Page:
Guarding Makefile targets

daniel13rady profile image Daniel Brady ・2 min read

This may just be my favorite one liner of my own devising in recent years.

I love it because of a combination of its utility (🔧), the story behind how it works (💭), and its power to induce headaches to its readers (😅).

It belongs in a Makefile :

## Returns true if the stem is a non-empty environment variable, or else raises an error.
  @#$(or ${$*}, $(error $* is not set))

And has a simple function:

➜  make guard-FOO
Makefile:12: *** FOO is not set.  Stop.
➜  FOO=42 make guard-FOO

Deciphering from top to bottom, left to right:

  • The % symbol used in the target declaration a “static pattern wildcard”, and in more familiar regex terms it translates to guard-(.*) ; the “stem” of the pattern, i.e. the value of the match group, is stored in an automatic variable called $*.
  • The @ prefix prevents make from printing out the command it is about to evaluate. (Hint: Take this away to actually see what’s happening.)
  • The # is your typical shell comment character: anything that comes after it will be interpreted by the shell (and make) as a comment, and thus ignored in a "truthy" way.
  • The $(or …, …, ...) is a make short-circuiting conditional function: it expands each item until it finds one that expands to a non-empty string, at which point it stops processing and returns the expansion. (Note: It does not evaluate it.)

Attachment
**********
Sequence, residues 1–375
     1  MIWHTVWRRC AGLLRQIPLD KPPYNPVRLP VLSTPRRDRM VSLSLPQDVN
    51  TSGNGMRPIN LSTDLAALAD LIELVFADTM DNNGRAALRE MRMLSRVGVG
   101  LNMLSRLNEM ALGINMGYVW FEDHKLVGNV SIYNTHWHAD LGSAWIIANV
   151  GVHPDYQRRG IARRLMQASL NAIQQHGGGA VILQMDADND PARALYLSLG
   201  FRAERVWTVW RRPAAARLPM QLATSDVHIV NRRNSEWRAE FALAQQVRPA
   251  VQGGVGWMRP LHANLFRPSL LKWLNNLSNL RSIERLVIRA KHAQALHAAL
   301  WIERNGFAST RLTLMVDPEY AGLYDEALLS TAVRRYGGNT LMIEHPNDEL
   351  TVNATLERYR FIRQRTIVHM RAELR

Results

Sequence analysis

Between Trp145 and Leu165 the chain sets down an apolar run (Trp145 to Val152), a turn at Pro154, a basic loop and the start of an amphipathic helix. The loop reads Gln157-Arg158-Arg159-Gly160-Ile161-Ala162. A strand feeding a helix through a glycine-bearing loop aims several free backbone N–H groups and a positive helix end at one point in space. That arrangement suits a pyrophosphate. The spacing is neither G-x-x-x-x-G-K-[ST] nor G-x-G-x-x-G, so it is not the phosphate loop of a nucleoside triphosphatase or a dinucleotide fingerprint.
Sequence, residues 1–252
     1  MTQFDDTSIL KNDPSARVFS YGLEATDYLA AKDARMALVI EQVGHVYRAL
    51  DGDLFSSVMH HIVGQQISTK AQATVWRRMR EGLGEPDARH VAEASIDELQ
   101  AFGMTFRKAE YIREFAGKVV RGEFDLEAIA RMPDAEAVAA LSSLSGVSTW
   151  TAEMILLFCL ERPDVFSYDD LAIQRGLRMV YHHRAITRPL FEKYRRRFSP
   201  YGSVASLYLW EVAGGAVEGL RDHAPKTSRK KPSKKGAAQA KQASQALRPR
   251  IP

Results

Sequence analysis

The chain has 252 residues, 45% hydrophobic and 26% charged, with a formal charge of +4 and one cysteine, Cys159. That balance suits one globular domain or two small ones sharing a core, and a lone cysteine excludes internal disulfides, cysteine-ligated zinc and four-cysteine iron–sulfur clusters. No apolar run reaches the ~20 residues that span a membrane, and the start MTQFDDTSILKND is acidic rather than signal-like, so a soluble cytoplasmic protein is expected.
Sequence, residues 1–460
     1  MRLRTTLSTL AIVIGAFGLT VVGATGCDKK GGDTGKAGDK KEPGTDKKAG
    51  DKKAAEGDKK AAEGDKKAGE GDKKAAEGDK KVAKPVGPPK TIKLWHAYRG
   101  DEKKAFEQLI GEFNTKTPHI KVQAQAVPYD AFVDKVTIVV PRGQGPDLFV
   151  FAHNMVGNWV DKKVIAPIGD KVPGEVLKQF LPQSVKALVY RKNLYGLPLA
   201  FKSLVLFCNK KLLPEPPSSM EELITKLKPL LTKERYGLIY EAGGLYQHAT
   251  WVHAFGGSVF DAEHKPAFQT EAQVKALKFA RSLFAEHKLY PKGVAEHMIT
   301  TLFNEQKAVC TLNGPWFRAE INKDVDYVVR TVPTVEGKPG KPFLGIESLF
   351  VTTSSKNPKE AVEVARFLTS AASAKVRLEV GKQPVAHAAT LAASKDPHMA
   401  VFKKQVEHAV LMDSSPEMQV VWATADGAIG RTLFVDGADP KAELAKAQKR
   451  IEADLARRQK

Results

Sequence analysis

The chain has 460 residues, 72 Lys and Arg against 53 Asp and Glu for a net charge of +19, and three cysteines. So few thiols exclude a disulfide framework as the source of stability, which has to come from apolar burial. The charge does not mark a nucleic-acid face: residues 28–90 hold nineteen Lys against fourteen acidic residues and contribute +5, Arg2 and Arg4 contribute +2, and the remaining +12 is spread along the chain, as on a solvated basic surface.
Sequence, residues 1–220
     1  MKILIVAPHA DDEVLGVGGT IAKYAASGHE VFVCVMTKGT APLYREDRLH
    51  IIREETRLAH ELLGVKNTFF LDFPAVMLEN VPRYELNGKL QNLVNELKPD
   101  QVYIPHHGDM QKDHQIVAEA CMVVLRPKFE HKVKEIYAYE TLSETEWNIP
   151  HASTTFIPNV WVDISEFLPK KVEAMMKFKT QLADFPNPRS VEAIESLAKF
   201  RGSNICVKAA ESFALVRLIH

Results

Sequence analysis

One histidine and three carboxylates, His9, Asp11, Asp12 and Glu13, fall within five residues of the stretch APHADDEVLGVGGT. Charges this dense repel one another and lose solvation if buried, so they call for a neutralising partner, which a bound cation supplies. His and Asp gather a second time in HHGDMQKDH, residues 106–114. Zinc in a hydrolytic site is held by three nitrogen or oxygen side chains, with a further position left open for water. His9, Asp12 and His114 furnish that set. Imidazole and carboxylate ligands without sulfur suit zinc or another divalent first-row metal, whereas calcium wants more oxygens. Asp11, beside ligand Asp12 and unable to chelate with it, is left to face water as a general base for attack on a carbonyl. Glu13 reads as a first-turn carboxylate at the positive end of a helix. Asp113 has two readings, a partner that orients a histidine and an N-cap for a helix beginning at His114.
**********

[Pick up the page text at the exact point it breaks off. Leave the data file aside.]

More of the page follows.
• The ${…} notation is the make syntax for evaluating a variable.
  • The $* as mentioned previously, holds the value of the matched pattern in the target name.
  • The $(error ...) is a make control-flow form, and raises an error as soon as it is evaluated, after allowing for its arguments to be expanded.

So, putting it all together: FOO=42 make guard-FOO expands to:

#$(or ${FOO}, $(error FOO is not set))

which in turn expands to:

#$(or 42, $(error FOO is not set))

which, finally, expands to:


which is evaluated by the shell as a comment and ignored, but in a truthy way.

However, make guard-FOO expands to:

#$(or ${FOO}, $(error FOO is not set))

and then:

#$(or , $(error FOO is not set))

and then:

#$(error FOO is not set)

and then a fatal error.

The value of this is as a prerequisite for other targets, to easily guard against missing environment variables, e.g.

say-something: guard-SOMETHING
  echo ${SOMETHING}
➜ make say-something
Makefile:12: *** SOMETHING is not set.  Stop.
➜ SOMETHING='Hello, world!' make say-something
echo Hello, world!
Hello, world!

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Daniel Brady


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